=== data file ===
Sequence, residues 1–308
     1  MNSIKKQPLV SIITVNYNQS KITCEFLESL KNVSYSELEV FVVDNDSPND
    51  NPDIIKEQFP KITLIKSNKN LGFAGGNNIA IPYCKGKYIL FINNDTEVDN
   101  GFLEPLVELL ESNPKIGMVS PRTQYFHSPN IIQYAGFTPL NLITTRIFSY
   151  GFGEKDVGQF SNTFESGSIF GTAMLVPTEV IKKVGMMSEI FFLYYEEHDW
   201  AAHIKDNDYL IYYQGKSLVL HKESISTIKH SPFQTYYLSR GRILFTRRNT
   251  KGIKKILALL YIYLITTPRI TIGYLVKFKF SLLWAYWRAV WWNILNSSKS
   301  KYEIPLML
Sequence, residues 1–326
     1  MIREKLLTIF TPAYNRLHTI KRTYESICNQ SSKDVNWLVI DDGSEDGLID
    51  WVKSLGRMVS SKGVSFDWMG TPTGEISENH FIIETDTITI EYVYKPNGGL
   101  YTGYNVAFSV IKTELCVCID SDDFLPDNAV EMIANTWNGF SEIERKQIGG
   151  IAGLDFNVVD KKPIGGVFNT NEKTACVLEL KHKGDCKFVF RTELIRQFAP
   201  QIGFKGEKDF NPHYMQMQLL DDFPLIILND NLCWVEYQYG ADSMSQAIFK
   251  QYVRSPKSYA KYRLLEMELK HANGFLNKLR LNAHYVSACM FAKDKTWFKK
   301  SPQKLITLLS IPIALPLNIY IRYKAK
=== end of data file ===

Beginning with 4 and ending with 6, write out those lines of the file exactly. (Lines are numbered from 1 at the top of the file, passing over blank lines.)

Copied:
   101  GFLEPLVELL ESNPKIGMVS PRTQYFHSPN IIQYAGFTPL NLITTRIFSY
   151  GFGEKDVGQF SNTFESGSIF GTAMLVPTEV IKKVGMMSEI FFLYYEEHDW
   201  AAHIKDNDYL IYYQGKSLVL HKESISTIKH SPFQTYYLSR GRILFTRRNT